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Best Cold-buster Strategies

Don’t want to sniffle through another winter? These common-sense precautions will help you prevent a cold — and avoid a lot of misery — this season.

Ah, the sounds of winter: carols, tinkling bells, sneezes and hacking coughs. As we prepare for a seemingly inevitable battle against colds and the flu, it’s natural to wonder if there will ever be a way to prevent illness in the first place. Although you might not make it to spring without a sniffle, there are ways to avoid getting sick — and to feel better if you do fall ill. Here’s how:

Sneeze Like a Vampire
When you cough or sneeze, you spread oodles of germs by covering your mouth or nose with your palm and then touching other surfaces, says Warren McDougle, epidemiology program manager for the Hillsborough County Department of Health in Tampa, Fla. Instead of using your hands, cough or sneeze into the inside of your elbow (as if you were Dracula hiding behind his cape). If you do sneeze into your hands, prevent a cold by washing them immediately.

Wipe out Germs
In your home and office, use disinfecting wipes to clean objects you and others use often. That includes doorknobs, telephones, remote controls and computer keypads. It’s especially important to keep these surfaces clean when someone who uses that area is sick, says McDougle.

Scrub up
Another way to help prevent a cold is to wash hands before you eat, as well as after using the restroom or touching surfaces. Use warm water and soap and rub briskly for about 20 to 30 seconds (or as long as it takes to sing “Happy Birthday”). “It’s the friction along with the soap and water that remove germs,” says McDougle.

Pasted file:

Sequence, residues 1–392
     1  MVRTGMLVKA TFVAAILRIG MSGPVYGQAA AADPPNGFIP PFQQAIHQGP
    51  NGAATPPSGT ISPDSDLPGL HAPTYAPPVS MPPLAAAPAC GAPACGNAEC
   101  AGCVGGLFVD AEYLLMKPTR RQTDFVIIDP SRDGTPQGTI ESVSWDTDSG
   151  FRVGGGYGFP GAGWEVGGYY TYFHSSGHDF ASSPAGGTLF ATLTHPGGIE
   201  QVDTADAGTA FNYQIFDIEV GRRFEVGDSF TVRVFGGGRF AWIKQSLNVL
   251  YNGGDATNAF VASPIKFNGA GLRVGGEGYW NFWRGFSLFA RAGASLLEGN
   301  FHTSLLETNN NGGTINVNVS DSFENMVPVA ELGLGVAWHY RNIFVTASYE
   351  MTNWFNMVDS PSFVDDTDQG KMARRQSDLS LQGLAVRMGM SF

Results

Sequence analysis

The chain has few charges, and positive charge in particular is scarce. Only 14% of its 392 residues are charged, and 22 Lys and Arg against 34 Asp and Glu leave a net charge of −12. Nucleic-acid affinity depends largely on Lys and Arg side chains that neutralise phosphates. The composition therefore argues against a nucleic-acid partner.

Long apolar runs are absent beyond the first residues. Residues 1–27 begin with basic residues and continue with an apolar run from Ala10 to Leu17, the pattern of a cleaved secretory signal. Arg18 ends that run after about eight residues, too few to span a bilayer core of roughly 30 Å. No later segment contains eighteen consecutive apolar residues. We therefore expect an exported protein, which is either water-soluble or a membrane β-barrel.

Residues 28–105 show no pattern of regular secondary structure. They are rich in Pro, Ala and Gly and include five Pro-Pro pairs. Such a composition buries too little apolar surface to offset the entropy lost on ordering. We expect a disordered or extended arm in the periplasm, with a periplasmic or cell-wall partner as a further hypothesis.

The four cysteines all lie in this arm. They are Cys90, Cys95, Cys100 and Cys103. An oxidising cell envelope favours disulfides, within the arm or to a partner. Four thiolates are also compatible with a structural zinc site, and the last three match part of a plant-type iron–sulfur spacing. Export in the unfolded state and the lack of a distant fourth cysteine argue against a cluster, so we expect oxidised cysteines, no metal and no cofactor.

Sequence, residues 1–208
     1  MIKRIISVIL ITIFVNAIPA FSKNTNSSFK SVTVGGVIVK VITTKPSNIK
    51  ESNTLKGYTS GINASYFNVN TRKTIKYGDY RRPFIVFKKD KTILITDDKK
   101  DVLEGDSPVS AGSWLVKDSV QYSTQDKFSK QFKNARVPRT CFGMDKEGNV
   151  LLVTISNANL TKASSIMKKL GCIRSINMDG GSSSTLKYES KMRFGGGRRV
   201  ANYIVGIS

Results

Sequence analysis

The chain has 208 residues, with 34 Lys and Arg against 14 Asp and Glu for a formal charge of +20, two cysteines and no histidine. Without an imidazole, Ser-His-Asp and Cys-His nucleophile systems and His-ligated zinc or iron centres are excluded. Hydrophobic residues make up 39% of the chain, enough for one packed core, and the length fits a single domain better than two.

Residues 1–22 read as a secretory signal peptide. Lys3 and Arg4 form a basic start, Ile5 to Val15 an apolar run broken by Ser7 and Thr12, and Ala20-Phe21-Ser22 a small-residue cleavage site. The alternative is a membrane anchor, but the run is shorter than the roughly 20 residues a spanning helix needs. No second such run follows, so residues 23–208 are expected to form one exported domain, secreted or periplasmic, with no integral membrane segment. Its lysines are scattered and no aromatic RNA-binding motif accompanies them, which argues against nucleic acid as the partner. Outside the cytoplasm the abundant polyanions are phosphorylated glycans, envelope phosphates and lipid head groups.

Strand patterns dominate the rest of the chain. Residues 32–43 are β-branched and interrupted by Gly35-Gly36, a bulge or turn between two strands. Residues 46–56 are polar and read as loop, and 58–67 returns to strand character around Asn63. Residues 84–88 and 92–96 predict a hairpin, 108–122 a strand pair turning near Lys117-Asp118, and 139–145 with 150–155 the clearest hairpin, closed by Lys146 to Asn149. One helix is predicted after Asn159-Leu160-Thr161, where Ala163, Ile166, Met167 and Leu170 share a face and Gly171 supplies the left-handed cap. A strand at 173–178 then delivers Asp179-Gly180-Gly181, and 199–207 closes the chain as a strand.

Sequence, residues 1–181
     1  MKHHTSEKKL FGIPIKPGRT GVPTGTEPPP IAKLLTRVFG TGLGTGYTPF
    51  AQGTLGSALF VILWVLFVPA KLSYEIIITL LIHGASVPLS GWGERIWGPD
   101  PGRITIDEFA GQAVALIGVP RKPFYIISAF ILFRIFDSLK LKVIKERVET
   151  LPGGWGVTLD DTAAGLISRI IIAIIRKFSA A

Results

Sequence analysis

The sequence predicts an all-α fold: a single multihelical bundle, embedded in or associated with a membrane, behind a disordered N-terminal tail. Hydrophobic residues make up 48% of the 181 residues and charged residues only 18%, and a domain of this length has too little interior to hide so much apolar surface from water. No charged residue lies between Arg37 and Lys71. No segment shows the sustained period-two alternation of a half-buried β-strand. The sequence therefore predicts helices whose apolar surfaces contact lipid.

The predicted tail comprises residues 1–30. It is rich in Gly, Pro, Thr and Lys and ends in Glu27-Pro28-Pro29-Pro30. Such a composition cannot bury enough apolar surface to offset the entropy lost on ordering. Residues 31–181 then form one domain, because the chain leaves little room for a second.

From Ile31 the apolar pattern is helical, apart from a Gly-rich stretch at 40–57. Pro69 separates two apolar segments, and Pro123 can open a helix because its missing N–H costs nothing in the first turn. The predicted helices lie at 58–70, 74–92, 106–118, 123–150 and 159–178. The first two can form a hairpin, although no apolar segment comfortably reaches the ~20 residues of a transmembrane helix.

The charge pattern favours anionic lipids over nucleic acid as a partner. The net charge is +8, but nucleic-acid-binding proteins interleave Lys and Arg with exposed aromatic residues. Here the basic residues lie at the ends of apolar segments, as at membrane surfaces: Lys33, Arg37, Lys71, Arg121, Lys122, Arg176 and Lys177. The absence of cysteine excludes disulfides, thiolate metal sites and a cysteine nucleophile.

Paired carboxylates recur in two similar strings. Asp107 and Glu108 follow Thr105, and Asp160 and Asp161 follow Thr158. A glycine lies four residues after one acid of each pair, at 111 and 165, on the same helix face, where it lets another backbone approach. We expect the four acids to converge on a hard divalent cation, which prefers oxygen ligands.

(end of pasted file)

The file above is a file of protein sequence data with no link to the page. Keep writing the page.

Use Sanitizer Sparingly
Although hand sanitizer is convenient, it’s not a foolproof substitute for hand-washing, says McDougle. After repeated use, it creates a residue on your hands, making it ineffective. Try not to use it more than six times in a row.

Drink up
If you do get sidelined by a cold, drink plenty of fluids to replenish your system and make breathing through your nose easier, advises James Orlowski, M.D., chief of pediatrics at University Community Hospital in Tampa, Fla. This includes chicken soup, which has been shown by some studies to help people feel better quicker. “No one knows why, and no one knows whether it needs to be homemade or canned,” he said.

Be Wary of Supplements
Zinc, echinacea and vitamin C all have followers who swear by their healing properties — but science may prove them wrong. Two studies conducted by the same researcher who found zinc shortened the course of the common cold later found it had no benefit. Zinc nasal sprays have also been associated with a permanent loss of smell, says Orlowski. The jury is out on vitamin C; some research shows it helps, while other studies have found it doesn’t. As for echinacea, researchers have found it has no effect on colds at all.

Get Some Z’s
If you’re sick, bed rest is the best remedy, says Orlowski. Sleep allows the body to devote its energies to healing and fighting infection. Don’t try to tough it out at the office: “If you’re sick, stay home,” he says. “Don’t go to work or school and expose others.”

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